Quespin (Book Review)

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My observant readers, which is of course all of you, will note the release date for this book is June 3rd, and today is the 4th. As much as I did enjoy this book, I didn’t read it all in one day. Amazon shipped me the book early. Ordinarily I would count this as a good thing, but the problem is they clearly shipped a copy that wasn’t meant for resale. There were mistakes on the back cover, type setting errors in the text itself, and the whole book was missing an author’s page. This was meant as a review copy for Amazon and wasn’t fully edited. I won’t be counting those details in my final rating because they obviously won’t be there in the product you would receive. Still neat getting a book before the release date though.

Whenever I try out a new author, especially in the fantasy genre, it seems there are already several thousand pages of books I’d need to read to get caught up. Sometimes that’s nice, knowing if I like the book there are a bunch more. More often though, I feel this odd aversion to a well established series because the train has already left the station so it seems awkward and/or too much work to get on board late(Dr. Who I’m looking at you). Quespin is the debut novel for author J C Anderson, and it felt nice getting in on the ground floor of a new series.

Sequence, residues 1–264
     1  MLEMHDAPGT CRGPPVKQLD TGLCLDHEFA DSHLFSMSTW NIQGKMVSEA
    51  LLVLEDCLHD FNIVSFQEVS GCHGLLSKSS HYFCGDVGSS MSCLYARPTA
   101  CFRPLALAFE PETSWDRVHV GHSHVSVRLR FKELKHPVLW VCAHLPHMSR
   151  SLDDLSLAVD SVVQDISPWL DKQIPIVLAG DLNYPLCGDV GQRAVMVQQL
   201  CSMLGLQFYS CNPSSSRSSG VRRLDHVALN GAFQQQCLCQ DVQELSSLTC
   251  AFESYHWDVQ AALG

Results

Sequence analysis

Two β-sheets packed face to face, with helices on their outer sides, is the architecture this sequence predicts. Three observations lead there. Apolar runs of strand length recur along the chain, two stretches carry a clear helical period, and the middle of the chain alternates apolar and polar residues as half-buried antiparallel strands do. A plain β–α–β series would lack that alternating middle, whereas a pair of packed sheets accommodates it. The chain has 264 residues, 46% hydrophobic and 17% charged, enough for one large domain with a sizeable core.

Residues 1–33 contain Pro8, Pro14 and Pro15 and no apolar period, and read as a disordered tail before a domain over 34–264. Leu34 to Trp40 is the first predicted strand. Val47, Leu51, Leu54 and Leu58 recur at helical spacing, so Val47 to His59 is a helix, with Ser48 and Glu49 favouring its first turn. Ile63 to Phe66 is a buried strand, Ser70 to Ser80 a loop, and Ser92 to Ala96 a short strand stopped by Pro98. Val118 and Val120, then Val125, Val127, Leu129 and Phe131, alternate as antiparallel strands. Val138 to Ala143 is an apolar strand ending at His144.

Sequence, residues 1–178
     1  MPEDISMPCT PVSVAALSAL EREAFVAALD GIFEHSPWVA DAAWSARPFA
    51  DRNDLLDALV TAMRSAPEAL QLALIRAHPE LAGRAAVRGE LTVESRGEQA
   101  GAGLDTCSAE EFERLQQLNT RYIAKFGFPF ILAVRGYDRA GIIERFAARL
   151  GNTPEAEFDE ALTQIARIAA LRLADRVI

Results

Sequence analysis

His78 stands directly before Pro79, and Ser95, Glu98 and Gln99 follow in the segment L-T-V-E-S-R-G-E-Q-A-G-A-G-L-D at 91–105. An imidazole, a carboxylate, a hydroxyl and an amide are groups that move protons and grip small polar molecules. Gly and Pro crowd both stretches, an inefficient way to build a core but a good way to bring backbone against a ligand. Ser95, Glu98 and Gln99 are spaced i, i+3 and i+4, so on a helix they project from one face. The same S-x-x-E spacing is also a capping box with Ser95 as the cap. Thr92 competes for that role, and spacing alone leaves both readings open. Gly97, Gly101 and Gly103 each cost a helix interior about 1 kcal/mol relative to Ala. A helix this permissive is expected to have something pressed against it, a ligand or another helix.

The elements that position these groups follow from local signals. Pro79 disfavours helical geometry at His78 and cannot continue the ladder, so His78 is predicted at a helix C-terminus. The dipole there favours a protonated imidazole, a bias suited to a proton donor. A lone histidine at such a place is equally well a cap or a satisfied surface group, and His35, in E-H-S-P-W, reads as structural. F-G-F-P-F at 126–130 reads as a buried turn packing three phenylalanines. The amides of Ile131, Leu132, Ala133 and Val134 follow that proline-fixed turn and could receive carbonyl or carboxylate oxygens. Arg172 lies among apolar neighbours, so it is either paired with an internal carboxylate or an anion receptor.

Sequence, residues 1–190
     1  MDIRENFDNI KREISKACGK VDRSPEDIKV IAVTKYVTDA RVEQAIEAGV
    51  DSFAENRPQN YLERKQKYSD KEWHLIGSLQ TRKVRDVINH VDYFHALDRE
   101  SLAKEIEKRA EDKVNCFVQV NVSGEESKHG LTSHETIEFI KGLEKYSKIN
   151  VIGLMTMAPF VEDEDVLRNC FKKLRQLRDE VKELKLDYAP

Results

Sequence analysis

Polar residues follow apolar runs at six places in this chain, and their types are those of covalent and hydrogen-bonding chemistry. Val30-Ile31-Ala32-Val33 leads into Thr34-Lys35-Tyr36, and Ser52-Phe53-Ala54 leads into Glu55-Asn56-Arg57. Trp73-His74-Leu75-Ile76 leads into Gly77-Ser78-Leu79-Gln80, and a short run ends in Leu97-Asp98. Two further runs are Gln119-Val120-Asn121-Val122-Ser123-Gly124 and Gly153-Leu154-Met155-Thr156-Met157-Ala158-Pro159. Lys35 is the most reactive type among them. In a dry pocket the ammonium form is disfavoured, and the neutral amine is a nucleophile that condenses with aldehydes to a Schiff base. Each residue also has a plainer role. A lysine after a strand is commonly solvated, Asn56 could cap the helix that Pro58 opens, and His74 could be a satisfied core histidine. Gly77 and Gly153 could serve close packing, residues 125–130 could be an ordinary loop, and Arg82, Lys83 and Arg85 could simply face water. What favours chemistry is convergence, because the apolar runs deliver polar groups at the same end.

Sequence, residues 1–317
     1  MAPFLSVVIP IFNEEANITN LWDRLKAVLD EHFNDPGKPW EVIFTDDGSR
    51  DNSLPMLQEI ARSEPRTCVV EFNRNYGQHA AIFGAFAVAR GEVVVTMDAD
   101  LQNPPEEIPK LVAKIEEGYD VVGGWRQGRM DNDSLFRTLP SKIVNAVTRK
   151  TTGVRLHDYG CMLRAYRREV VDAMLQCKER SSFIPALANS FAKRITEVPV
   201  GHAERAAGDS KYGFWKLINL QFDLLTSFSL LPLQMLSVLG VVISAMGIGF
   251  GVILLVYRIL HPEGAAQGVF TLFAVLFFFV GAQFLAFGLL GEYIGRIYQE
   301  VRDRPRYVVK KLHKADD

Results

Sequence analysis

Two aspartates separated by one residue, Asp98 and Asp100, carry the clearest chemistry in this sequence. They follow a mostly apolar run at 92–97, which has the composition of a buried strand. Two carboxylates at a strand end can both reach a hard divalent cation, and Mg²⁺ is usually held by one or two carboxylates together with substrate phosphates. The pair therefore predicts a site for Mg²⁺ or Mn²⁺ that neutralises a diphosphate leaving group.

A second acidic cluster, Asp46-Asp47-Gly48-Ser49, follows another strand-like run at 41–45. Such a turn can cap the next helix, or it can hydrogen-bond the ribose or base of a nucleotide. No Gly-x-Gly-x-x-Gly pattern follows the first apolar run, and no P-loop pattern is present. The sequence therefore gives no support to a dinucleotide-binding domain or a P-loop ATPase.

The book follows our title character as he grows up in a dwarven city sealed off under a mountain. The great war of years ago forced the mages of the city to seal the whole mountain trapping whoever was in the city at the time. The politics that led to and are a result of that decision are a source of most of the conflict in the book.

The limited environment to explore leads to a surprising number of rich characters. The story is all told from Quespin’s perspective, but many times it feels as if other characters are really the focus. That blends nicely with the fact that Quespin certainly feels that he is out of his element for much of the book. Either way it is good to see side characters get more than a trope or two for a personality and motivation.

The pacing of the book is extremely quick which both helps and hinders the experience. On one hand you won’t get bored while reading it, but there are moments that plot points are introduced far too rapidly. There were conversations I lost track of who exactly was saying what and there were pages I had to go back and reread because I wasn’t certain how a specific conclusion was reached.

The hints at a larger world are nicely fit in with the classic method of quotes from other books from the universe starting off each chapter. This is supposed to be the first in a trilogy so I’ll be interested to see if the author will continue to balance character growth and world building as well as was accomplished in this one or if it will fall victim to the genre trap of becoming too enamored with the world at the expense of the plot.

In the interest of full disclosure, I do know the author and consider them a good friend, so take that for what you will with my review.

★★★★☆ – If you like mixing your magic with your politics this is a fledgling series to check out.. A reminder of my rating system

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